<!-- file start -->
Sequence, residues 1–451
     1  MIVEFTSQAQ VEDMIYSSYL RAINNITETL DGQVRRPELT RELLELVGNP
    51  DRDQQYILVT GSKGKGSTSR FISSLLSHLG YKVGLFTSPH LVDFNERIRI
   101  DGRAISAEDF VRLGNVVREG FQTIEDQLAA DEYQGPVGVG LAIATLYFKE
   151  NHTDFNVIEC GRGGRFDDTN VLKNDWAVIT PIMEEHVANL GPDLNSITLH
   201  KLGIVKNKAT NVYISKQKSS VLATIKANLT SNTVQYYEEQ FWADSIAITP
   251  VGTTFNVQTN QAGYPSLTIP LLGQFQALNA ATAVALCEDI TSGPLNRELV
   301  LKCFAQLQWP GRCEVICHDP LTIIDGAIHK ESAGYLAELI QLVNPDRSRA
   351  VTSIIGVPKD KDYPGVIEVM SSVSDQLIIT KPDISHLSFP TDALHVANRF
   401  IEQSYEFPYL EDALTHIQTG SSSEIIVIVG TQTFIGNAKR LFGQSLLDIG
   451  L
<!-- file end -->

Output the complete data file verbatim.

Sequence, residues 1–451
     1  MIVEFTSQAQ VEDMIYSSYL RAINNITETL DGQVRRPELT RELLELVGNP
    51  DRDQQYILVT GSKGKGSTSR FISSLLSHLG YKVGLFTSPH LVDFNERIRI
   101  DGRAISAEDF VRLGNVVREG FQTIEDQLAA DEYQGPVGVG LAIATLYFKE
   151  NHTDFNVIEC GRGGRFDDTN VLKNDWAVIT PIMEEHVANL GPDLNSITLH
   201  KLGIVKNKAT NVYISKQKSS VLATIKANLT SNTVQYYEEQ FWADSIAITP
   251  VGTTFNVQTN QAGYPSLTIP LLGQFQALNA ATAVALCEDI TSGPLNRELV
   301  LKCFAQLQWP GRCEVICHDP LTIIDGAIHK ESAGYLAELI QLVNPDRSRA
   351  VTSIIGVPKD KDYPGVIEVM SSVSDQLIIT KPDISHLSFP TDALHVANRF
   401  IEQSYEFPYL EDALTHIQTG SSSEIIVIVG TQTFIGNAKR LFGQSLLDIG
   451  L